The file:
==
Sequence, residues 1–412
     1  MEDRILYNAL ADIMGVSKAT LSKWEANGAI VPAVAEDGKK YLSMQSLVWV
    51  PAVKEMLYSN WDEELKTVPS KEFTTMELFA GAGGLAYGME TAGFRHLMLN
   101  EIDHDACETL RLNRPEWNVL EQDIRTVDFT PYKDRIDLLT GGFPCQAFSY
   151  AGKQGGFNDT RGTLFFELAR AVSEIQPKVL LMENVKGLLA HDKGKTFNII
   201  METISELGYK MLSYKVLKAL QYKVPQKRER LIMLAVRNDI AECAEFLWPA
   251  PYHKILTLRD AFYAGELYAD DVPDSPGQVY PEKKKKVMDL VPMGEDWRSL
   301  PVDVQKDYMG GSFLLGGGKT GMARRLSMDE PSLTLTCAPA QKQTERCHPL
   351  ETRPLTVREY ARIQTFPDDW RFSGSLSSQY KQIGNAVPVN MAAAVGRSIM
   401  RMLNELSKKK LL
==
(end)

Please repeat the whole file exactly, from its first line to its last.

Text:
Sequence, residues 1–412
     1  MEDRILYNAL ADIMGVSKAT LSKWEANGAI VPAVAEDGKK YLSMQSLVWV
    51  PAVKEMLYSN WDEELKTVPS KEFTTMELFA GAGGLAYGME TAGFRHLMLN
   101  EIDHDACETL RLNRPEWNVL EQDIRTVDFT PYKDRIDLLT GGFPCQAFSY
   151  AGKQGGFNDT RGTLFFELAR AVSEIQPKVL LMENVKGLLA HDKGKTFNII
   201  METISELGYK MLSYKVLKAL QYKVPQKRER LIMLAVRNDI AECAEFLWPA
   251  PYHKILTLRD AFYAGELYAD DVPDSPGQVY PEKKKKVMDL VPMGEDWRSL
   301  PVDVQKDYMG GSFLLGGGKT GMARRLSMDE PSLTLTCAPA QKQTERCHPL
   351  ETRPLTVREY ARIQTFPDDW RFSGSLSSQY KQIGNAVPVN MAAAVGRSIM
   401  RMLNELSKKK LL